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Early Exit #22: How to grow your (freelancing) sales pipeline
The single biggest mistake most self-employed people make at isn’t executing on the work, it’s building a consistent pipeline.
You’re reading the Early Exit Club — a newsletter about leaving the 9-5 workforce to build a $20k/month solo business by Nick Lafferty.
Last week: 4 mistakes I made as a new freelancer
Next week: holiday break! See you fine folks after US Thanksgiving.
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You can’t sell anything if no one knows you exist.
I’ve found that the best way to sell yourself isn’t about selling at all.
Instead of approaching every interaction as a potential sales transaction I’ve had better luck approaching them as an opportunity for friendship.
Put yourself out there with a genuine interest of making friends with other people in your industry.
Because people buy from other people that they like.
But fair warning, there are no quick hacks here.
This is a long game but it will enable you to charge more (because customers come to you) and be more selective with your clients (because you have a lot of interest).
So whether you’re a full-time solopreneur or you’re just looking for side gigs, read on for my tips on building effective, long-term sales pipeline.
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Superhuman is soon releasing an Auto Summarize feature that makes it easy to catch up on long email threads.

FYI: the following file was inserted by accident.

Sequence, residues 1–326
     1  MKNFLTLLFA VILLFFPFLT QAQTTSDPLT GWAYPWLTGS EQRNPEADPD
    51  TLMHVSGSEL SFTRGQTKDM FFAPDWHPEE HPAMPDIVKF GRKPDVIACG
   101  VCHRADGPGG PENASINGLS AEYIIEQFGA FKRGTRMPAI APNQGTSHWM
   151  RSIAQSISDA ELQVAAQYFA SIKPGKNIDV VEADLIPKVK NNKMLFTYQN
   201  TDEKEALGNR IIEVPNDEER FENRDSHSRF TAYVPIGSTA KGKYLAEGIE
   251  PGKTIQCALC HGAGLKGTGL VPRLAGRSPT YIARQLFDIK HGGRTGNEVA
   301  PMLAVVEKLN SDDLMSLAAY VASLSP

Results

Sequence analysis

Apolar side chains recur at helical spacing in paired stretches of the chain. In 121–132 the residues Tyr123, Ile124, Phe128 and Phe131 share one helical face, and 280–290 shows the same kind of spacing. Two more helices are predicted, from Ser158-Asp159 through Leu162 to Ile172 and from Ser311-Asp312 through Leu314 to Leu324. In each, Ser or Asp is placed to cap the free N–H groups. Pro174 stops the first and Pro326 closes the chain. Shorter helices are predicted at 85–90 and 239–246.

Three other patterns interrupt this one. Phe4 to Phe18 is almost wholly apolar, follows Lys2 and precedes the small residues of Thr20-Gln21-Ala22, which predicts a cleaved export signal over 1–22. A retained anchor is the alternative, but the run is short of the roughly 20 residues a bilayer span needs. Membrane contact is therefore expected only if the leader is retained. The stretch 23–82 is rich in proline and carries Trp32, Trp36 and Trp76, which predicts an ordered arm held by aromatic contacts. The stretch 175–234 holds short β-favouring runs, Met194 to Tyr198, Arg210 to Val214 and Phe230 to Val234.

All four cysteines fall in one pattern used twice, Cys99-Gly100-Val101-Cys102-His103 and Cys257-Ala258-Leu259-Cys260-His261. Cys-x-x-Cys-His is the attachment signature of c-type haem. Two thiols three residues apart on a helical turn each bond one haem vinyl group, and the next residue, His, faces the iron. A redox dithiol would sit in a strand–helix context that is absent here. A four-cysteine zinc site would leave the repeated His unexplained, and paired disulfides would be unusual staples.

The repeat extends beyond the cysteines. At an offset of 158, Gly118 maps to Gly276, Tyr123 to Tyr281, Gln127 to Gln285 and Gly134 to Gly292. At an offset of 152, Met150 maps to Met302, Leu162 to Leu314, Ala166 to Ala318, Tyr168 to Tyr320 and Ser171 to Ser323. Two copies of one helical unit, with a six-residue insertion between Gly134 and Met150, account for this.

I got a sneak peak and the results were impressive: Superhuman instantly summarized my email thread with them talking about this sponsorship opportunity in a quick series of bullet points.
It displays as a 1-line summary above every conversation and it updates instantly as new emails arrive. And if you want to see more detail, just hit M (which is what that screenshot shows).
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Creating your own demand
Your most powerful lever for building a freelancing business is YOU.
There is no one else in the world who is exactly like you.
You are a business of one and you only have so much time in the day.
If you have a full-time job that means you can only take maybe one or two advising clients at a time.
Those are two really lucky companies who get access to your years of experience for a comparatively small amount of dollars (or equity, if you ask for it).
This is the mindset you need to use to create your own demand and it starts with telling the world all about yourself and your work.
Talk about your work
You will never find high quality side work if no one knows you exist.
While marketplaces like Fiverr can be an OK place to get a few clients, in the long-term they are a race to the bottom on price and quality.
The best thing you can do, either as a full-time freelancer or full-time salaried employee, is to post on social media about the work you do.
Not having an active social media presence is like not having your physical store listed on Google Maps.
Pick your favorite social platform. Which do you vibe with?
My preference is LinkedIn, but Twitter, TikTok, and Instagram are all great options too. I’m so bullish on LinkedIn that I invested part of my consulting income to pay for a LinkedIn writing coach.
I only mentioned social media channels because they have inherent distribution.
I left out newsletters, and podcasts because those can be great ways to scream into the void while wasting a bunch of time on something no one will find. You need another channel to really scale a podcast or a newsletter anyway (fun fact: most of y’all found me on LinkedIn).